Weed wiping may offer a way to reduce black-grass seed returns by applying herbicide to the weed ahead of the following crop.
Mark Spicer, managing director of Norman and Spicer Agriculture, Hutchinsons Group, has been looking for alternative methods to control weeds including black-grass, rye-grass and wild oats.
Mr Spicer said: “I knew that American farmers were practising weed wiping which is exactly what the name implies, wiping weeds with herbicide from a boom on the back of a sprayer.
“So I spent some time looking at how this would work here on some of the more difficult to control weeds and this has led to a collaboration with Boston Crop Sprayers.”
A weed wiper is a kit attached to the back of the boom made up of a row of sponges that are gravity fed with herbicide.
“A farmer in Bedfordshire had a weep wiper retrofitted to his conventional sprayer to apply glyphosate at a concentrated rate to destroy wild oat and black-grass seeds ahead of the next crop, and there is no doubt that we have been able to kill off a large amount of the black-grass and prevent a huge seed bank being returned to the soil,” said Mr Spicer.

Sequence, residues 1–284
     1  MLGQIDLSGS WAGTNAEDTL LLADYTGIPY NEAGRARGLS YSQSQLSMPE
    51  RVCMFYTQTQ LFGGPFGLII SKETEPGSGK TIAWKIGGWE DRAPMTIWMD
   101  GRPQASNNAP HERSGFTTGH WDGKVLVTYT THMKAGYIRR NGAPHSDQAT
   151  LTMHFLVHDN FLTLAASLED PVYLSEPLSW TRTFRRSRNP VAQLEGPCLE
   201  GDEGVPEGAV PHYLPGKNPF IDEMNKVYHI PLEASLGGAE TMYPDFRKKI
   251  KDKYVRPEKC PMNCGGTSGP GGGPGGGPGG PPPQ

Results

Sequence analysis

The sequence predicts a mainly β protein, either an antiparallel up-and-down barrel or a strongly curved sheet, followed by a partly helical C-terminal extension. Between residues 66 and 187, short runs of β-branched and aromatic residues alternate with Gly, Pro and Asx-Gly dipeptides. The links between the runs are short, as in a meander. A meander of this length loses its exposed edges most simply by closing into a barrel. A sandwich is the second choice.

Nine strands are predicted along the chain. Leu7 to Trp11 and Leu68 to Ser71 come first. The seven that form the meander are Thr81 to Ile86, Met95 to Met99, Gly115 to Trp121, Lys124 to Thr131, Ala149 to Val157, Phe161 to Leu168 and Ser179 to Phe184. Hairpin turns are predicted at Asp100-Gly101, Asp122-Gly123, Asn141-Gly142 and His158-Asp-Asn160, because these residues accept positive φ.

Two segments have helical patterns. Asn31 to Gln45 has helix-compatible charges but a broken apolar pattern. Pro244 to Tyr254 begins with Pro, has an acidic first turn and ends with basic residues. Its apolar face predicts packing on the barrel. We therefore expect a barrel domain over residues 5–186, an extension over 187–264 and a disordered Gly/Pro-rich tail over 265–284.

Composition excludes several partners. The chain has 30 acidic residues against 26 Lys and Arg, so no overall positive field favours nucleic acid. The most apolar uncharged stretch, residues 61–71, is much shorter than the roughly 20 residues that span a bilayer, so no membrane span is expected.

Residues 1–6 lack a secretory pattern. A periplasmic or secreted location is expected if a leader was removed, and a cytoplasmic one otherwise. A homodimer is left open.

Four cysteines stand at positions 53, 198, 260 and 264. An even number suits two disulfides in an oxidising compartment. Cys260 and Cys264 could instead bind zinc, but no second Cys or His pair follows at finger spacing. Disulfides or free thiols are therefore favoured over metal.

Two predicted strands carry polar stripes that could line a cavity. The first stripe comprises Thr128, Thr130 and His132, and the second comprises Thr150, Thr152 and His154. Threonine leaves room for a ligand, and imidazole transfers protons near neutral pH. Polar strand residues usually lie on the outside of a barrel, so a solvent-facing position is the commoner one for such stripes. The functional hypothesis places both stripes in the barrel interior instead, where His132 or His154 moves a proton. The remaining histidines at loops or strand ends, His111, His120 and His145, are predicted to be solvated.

“We need to do some further work to quantify this, but the reduction is significant enough to warrant spending more time on the concept.
“Timing and speed of application of the glyphosate to the weed is critical; the black-grass has to be in flower and not yet filled and the weed really needs to be wetted so a higher speed works better.”
There are also crop factors to take into account, he added. “There needs to be a gap between the weed and the crop to ensure the herbicide is not wiping the crop at the same time as the weed, so a good PGR programme should be used when considering weed wiping.”
The weed wiping approach is in its second year of trials. As well as cereals, it may also have potential for use in weed control in sugar beet and brassica crops, according to Mr Spicer.